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Old 11-13-2009, 19:53   #3
fastbolt
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Join Date: Jun 2002
Location: Within the lightning (Northern CA)
Posts: 10,002
The thumb safety isn't connected to the trigger in a manner which would affect the trigger pull. The assembly blocks the rearward movement of the trigger when it's in the On-Safe position.

My personal M&P 45 had a trigger on the heavy end of the possible range (7 1/2 lbs +/- 2 lbs versus the 9/.40/.357 models where the trigger is expected to run in a spec range of 6 1/2 lbs +/- 2 lbs) ... which meant mine was averaging over 9 lbs at first when averaged on my digital scale. It was stiff and had some roughness in it, but the gun was amazingly accurate despite the trigger. I just had to work at my trigger control/press. It became much smoother with use and it became even easier to experience the amazing accuracy of the gun. I enjoyed shooting it more than my 1911's and my TDA .45 Smith's.

While I haven't sent mine in for a Performance Center trigger job, and likely won't, I've heard they do a good job. I haven't had the opportunity to try one of the Performance Center sears, either.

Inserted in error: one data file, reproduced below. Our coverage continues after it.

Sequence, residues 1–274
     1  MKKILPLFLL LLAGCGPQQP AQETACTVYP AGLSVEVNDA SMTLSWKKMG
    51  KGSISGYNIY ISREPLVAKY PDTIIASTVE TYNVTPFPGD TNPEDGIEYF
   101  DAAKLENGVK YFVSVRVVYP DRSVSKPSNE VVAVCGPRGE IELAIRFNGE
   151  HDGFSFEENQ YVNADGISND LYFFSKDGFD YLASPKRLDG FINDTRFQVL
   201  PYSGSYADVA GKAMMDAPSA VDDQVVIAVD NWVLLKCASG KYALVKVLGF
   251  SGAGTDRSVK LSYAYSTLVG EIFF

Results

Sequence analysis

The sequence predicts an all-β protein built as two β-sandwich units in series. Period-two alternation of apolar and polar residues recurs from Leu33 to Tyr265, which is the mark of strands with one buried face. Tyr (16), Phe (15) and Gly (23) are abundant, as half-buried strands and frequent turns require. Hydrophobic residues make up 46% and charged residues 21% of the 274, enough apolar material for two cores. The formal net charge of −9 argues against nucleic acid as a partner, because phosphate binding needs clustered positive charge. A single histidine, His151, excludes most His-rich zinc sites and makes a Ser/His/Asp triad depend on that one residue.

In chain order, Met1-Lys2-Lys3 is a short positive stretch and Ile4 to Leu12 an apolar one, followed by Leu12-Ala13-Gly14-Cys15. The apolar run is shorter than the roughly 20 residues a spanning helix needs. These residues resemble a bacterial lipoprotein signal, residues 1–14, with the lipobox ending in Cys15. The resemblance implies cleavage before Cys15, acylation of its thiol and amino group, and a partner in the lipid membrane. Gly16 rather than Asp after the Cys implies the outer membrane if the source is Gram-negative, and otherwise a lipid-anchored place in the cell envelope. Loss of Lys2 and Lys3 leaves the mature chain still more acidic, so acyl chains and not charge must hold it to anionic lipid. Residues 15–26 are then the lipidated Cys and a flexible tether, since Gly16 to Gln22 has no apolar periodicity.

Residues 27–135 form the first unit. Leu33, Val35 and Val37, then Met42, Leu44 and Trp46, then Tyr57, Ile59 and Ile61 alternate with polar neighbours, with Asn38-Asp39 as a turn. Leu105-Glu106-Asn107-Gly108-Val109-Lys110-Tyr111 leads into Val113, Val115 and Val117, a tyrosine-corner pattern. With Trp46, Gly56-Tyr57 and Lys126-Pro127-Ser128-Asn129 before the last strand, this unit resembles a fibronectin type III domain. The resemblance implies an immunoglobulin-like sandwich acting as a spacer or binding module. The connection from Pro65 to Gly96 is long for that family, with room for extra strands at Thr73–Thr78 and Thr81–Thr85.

My M&P 40c had a somewhat better trigger out of the box than my M&P 45, although still with some early roughness which disappeared more quickly than it did in my M&P 45.

I recently replaced the original MIM striker in my M&P 45 with a new revised version, which is thicker in some dimensions and appears to be a stainless (cast?) part instead of MIM.

When I took it to the range I was expecting a certain amount of 'new stiffness', if only from the new striker spring and the new, unworn surface of the striker's foot engaging the sear. Instead, it felt like it was even smoother than when the previous well-worn striker had been in the gun. Nice.
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